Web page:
Fareed Zakaria's "The Debt Deal's Failure" rings true [Aug. 15]. I fear Congress has truly lost its ability to understand the situation of the average American. Standard & Poor's decision to downgrade the U.S. credit rating for the first time in history at a time when America's finances are so very fragile speaks to this blindness and to our leaders' inability to work together. Our nation's debt did not get where it is overnight and cannot be fixed with one bill. I feel I am watching our nation crash and burn. Perhaps out of the ashes something new will come.
Dale Walling, SHAWNEE, KANS., U.S.
So this is democracy at work? How much longer can we afford to link international trade to a currency dominated by politicians who put partisanship ahead of patriotism and self-interest ahead of serving those who elected them.
Pat Lithgow, BRIGHTWATER, NEW ZEALAND
You should give more respect to the Republican Party in the House of Representatives. The American voters spoke loudly in 2010. Only timing kept the Senate in the hands of the Democratic Party. The reception of the bill to raise the debt ceiling and deal with the national financial crisis was lukewarm at best only because the Democrats don't get it.
Roger Sollie, FLOURTOWN, PA., U.S.
Is It Teatime?
Re "The Tea Party's Triumph" [Aug. 15]: If it's true that, as Michael Crowley writes, "it is an article of faith in Tea Party circles that Washington and Wall Street are in bed together, colluding for power and profit at the expense of the little guy," it seems odd that all the Tea Party's resentment appears to be focused on one-half of that partnership: the federal government. As willing accomplices to people like Grover Norquist, Dick Armey and the Koch brothers hardly protectors of the little guy Tea Partyers would deny resources to the government and give free rein to powerful private entities. Tea Partyers believe government has grown too big. But couldn't the same be said of the too-big-to-fail financial institutions that almost wrecked our economy (saved only by the federal government)? If the Tea Party were in charge, who or what would provide any checks on the most powerful special interests?
Frederic Cohen, HENDERSON, NEV., U.S.
Though Crowley documented the Tea Party's ignorance and willful disdain of facts, he neglected to document the movement's racism, as seen in its displays of President Obama as a witch doctor, complete with a bone through his nose. Members have also been known to carry arms to political meetings. This is not a party; it is a dangerous militia.
Mike W. Barr, AKRON, OHIO, U.S.
Did the Tea Party members of Congress take the same history class Michele Bachmann took? The Boston Tea Party occurred because colonists opposed England's tea tax, which protected, in part, profit for the East India Co., then one of the world's largest companies. The colonists opposed the British government's support for corporate greed. By opposing a repeal of the Bush-era tax cuts for the wealthiest, today's Tea Party ignores history.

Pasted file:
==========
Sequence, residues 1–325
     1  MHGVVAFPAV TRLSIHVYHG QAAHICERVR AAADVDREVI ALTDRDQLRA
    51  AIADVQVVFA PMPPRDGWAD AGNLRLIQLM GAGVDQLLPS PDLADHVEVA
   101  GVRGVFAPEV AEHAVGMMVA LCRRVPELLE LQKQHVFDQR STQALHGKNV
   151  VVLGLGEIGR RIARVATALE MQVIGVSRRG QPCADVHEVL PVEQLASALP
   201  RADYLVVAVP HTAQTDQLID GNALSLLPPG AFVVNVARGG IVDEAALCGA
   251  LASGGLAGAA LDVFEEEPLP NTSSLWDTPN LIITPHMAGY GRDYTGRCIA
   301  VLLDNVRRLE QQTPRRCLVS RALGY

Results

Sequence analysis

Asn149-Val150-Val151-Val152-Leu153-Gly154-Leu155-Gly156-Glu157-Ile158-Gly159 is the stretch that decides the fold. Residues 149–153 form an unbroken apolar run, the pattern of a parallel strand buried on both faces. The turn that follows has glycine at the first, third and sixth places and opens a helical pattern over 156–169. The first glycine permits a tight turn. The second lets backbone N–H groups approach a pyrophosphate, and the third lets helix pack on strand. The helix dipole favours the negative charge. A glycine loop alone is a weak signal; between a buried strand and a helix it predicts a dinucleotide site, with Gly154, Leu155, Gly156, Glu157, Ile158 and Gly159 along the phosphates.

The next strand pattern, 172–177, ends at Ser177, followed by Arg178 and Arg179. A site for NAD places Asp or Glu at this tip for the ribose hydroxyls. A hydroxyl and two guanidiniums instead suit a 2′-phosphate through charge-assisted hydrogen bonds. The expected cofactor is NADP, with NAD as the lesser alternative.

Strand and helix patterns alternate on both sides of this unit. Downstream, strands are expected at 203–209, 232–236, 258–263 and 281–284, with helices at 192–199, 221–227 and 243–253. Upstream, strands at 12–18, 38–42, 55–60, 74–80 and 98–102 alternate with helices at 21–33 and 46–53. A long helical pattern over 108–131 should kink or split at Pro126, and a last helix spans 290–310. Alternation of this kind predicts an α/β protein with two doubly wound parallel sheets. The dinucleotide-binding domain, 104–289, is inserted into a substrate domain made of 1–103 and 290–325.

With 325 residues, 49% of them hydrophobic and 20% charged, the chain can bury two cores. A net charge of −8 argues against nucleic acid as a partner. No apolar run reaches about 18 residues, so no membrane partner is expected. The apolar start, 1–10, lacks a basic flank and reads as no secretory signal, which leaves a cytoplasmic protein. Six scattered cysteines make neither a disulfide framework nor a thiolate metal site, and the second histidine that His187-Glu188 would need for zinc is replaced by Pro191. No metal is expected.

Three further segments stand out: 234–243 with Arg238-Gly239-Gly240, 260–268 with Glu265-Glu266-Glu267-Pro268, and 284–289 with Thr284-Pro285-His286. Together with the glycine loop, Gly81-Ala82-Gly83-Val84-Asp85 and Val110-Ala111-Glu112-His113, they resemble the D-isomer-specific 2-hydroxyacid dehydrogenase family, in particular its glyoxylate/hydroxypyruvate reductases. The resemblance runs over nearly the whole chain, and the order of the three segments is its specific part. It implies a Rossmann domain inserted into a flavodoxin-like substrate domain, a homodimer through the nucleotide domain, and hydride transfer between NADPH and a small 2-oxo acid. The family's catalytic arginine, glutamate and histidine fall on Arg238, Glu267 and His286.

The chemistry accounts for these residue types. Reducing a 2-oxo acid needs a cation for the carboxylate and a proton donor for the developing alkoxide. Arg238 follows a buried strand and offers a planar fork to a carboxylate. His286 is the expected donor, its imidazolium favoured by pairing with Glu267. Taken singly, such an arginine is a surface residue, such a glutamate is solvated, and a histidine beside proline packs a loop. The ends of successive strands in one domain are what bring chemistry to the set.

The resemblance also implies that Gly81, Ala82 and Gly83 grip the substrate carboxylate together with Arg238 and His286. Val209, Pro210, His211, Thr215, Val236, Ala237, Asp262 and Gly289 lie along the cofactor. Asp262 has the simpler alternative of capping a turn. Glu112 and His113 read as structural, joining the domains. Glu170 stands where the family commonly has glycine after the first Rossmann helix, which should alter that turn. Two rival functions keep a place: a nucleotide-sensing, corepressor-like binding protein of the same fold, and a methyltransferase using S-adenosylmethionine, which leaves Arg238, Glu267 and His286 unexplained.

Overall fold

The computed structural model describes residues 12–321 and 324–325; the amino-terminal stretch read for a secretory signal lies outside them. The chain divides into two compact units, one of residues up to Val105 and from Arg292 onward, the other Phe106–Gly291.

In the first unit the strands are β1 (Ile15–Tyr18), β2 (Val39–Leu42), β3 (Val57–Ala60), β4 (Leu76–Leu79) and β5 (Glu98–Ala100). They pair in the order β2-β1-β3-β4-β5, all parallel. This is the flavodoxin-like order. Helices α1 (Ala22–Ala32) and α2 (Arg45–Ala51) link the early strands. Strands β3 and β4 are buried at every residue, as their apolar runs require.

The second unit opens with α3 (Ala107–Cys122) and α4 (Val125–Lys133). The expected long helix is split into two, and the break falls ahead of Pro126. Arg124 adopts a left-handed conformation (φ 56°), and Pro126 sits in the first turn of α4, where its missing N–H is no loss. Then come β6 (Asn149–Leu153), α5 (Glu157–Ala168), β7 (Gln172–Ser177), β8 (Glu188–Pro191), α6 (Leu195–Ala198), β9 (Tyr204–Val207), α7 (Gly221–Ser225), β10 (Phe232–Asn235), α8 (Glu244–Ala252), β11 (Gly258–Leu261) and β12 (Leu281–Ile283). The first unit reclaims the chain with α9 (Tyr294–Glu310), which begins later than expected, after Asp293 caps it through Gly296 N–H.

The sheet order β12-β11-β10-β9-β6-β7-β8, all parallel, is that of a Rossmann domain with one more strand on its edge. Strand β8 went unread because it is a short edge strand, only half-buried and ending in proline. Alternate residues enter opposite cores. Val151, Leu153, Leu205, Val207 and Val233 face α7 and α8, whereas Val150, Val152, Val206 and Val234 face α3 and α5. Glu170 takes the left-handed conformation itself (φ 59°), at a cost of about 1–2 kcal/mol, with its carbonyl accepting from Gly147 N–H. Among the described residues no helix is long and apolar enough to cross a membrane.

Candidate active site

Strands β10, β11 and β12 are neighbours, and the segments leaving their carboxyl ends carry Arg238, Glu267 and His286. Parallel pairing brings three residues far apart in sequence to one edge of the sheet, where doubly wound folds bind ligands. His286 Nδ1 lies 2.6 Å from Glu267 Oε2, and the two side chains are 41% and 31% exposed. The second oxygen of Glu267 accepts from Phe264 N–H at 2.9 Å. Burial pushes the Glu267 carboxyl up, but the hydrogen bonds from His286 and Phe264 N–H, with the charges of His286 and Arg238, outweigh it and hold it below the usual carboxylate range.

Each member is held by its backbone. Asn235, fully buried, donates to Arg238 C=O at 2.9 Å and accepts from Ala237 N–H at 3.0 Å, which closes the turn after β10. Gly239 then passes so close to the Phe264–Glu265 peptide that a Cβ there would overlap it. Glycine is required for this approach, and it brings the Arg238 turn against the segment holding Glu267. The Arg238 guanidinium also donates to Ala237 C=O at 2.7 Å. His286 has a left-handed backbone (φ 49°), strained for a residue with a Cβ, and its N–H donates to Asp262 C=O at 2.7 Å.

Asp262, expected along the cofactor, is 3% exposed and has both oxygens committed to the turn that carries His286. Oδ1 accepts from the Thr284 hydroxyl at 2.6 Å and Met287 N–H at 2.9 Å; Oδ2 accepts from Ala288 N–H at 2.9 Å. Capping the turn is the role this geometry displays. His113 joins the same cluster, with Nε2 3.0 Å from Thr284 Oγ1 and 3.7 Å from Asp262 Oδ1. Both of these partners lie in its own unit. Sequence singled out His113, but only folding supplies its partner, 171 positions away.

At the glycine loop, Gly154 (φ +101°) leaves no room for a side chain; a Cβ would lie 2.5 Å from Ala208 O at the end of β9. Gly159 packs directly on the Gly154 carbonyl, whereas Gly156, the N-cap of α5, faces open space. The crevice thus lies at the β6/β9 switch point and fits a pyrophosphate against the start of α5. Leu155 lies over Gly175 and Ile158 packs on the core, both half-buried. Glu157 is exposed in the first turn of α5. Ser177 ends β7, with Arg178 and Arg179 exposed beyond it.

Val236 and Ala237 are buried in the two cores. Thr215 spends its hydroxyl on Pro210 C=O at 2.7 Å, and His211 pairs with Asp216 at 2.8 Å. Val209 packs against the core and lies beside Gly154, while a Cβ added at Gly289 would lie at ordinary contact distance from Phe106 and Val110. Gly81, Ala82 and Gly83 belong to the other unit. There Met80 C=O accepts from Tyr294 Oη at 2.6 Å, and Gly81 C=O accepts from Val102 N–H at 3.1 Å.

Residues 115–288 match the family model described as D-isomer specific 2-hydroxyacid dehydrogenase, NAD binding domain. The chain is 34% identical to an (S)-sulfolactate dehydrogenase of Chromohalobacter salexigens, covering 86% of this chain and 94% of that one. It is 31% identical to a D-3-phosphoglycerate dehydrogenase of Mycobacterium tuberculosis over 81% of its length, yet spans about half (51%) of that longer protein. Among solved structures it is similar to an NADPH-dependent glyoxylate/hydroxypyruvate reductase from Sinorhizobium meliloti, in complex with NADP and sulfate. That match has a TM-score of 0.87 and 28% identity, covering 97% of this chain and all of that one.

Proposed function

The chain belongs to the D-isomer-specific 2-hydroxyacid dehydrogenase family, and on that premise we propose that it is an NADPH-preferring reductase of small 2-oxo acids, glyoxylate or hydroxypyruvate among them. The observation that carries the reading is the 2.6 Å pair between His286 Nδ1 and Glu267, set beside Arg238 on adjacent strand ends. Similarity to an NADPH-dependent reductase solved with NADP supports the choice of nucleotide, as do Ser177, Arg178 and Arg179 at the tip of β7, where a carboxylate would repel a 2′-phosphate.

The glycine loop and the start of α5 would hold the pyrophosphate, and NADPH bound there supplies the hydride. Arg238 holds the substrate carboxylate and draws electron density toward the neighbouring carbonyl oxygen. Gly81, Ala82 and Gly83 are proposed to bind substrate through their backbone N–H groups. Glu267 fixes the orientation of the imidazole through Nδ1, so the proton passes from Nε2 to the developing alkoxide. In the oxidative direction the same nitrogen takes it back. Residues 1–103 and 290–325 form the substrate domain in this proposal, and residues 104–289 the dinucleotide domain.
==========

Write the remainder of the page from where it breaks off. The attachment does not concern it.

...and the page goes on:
Howard K. Watkins, FRESNO, CALIF., U.S.
Your article misses the point of the Tea Party. It's very simple: Don't spend more than you earn. If you do, then pay it off as soon as possible.
John Mulligan, RICHMOND, VA., U.S.
Portrait of a Madman
Your article "He Wants You to Look at Him" certainly made Anders Behring Breivik into a somebody, just as he wished [Aug. 15]. How sad that you didn't describe the miracle that happened in Norway as a result of this tragedy. The people declared that their love was more powerful than Breivik's hate, that their courage and focus on the future decried his evil, that caring for one another took the place of revenge on one man.
Connie Toverud, OSLO
Thank you for not putting Breivik on your cover. His goal was to call attention to his wicked agenda and become famous in the process. He should be given as little attention in the media as possible and fade away in history as just another madman.
Fredrik Andrén-Sandberg, LUND, SWEDEN
Congratulations to Ishaan Tharoor for his excellent Essay on far-right Western terrorism on the occasion of the Oslo massacre [When Slogans Beget Slaughter, Aug. 15]. Ten years after 9/11, Islam and Muslims have become our scapegoats, the screen for projecting all our malaises and fears. It is time to realize and acknowledge where right-wing populism has taken us.
Bernhard Pestalozzi, ZURICH
While most Muslims are not terrorists, most terrorists are Muslims. Islamophobia was not just created by far-right ideologues; the silence of moderate Muslims is to blame as well. If moderate Muslims would speak out and condemn terrorism, indiscriminate Islamophobia would subside.
Nicolas Gessner, PARIS
Unlike some extremist Muslims, Breivik was not part of organizations bent on terrorism and backed by Arab politicians and movements; he acted alone. To turn the tragedy in Norway, which affected Westerners, into a heinous Islamophobic crime resulting from Western terrorism is shameless.
Julien Dumont, LASNE, BELGIUM